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$300,000 Workers’ Compensation

Justin Cobb, a 28-year-old resident of Columbia, Missouri, was injured on September 29, 2007, while trimming a 40’ tree in the defendant’s back yard when he was knocked off a ladder by a falling branch. The incident occurred around 11:00 a.m. near West Boulevard and Stewart Road in Columbia. Cobb, an independent contractor tree trimmer with 10 years experience, was hired by Strecker, a retired school teacher, to trim and remove the overgrown tree branches on her property. Cobb’s original $800.00 bid included the price of renting a scissor lift. Cobb explained to Strecker that the lift would make the job go faster and that it would be safer. Strecker requested that the bid is reduced to $650.00 and that Cobb use a ladder instead of renting the $150.00 scissor lift. According to Cobb, he initially agreed to the ladder request but once he began the job decided that he was going to use the scissor lift anyway because the ladder was too dangerous. When he informed Strecker that he was going to rent the lift and take it out of his end, Strecker demanded that the contract is fulfilled according to the terms already agreed upon. According to Cobb, Strecker didn’t want the lift brought into her yard which could cause ruts. Cobb then returned to the tree and was knocked off the ladder by a falling branch and landed on his back.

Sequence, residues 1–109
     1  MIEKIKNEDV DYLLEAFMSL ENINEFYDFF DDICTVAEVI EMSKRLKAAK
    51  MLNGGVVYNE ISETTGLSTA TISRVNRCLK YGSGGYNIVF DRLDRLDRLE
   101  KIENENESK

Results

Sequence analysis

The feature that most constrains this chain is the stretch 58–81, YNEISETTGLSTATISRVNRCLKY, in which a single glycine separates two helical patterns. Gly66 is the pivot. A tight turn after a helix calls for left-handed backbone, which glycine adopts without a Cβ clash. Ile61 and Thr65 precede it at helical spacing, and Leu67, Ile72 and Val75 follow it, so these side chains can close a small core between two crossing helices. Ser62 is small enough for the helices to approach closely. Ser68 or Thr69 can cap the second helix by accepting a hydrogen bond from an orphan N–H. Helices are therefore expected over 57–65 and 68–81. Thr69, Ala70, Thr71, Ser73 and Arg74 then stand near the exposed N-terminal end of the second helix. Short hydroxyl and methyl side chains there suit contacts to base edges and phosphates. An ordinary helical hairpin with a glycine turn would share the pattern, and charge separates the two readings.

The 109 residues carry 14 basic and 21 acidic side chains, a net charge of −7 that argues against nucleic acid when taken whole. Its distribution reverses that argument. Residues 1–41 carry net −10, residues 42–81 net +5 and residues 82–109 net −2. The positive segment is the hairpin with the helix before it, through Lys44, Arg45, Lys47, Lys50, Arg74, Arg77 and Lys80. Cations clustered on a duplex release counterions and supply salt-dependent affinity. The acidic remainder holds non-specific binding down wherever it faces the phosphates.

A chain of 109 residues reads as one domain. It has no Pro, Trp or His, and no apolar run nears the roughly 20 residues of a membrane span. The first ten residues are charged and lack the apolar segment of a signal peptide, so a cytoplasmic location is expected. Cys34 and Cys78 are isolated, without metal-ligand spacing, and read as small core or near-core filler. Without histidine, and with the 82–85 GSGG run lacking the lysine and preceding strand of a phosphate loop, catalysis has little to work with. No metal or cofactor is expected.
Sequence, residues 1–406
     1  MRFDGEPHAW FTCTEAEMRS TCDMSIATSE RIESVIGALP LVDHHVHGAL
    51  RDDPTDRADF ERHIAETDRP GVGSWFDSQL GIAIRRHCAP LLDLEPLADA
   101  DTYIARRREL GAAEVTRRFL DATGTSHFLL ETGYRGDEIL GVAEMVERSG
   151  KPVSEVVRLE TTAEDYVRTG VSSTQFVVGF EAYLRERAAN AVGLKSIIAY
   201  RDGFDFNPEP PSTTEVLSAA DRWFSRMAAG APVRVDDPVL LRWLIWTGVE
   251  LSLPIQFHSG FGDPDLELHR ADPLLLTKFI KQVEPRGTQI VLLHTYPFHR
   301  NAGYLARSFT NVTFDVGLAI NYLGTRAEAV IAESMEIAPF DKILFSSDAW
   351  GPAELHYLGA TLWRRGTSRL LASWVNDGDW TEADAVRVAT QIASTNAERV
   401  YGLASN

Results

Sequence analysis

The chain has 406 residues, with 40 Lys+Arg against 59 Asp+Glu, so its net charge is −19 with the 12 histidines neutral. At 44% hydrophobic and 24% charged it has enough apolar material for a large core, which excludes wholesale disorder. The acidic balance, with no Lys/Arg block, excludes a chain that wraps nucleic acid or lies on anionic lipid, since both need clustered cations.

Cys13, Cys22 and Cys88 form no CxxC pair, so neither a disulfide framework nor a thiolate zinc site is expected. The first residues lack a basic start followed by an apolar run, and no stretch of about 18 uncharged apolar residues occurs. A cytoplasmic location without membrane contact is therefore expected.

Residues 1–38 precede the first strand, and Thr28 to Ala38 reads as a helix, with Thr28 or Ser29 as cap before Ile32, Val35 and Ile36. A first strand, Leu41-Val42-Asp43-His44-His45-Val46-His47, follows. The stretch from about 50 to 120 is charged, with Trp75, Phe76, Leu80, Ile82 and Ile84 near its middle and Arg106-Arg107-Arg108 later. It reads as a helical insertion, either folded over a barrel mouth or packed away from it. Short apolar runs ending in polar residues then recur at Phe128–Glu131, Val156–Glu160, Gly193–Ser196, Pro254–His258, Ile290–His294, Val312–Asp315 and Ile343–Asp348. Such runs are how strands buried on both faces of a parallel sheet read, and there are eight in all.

Cobb was taken to a nearby hospital and was subsequently diagnosed with a spinal cord injury at the T11 level. Although Cobb still had some feeling in his lower extremities, he was unable to walk despite several years of rehabilitative therapy. At this time, Cobb’s doctors are speculative as to whether he will ever walk again.

Plaintiff filed suit in Boone County alleging that the landowner defendant was liable because she controlled the manner in which the independent contracting work was done. Defendant denied liability claiming that plaintiff was an independent contractor and didn’t have to take the job if he didn’t want to. Defendant claimed that once he agreed to take the job, he assumed all risks of the job as an independent contractor. Plaintiff made a demand for the available homeowner’s policy limits and that demand was accepted by the carrier.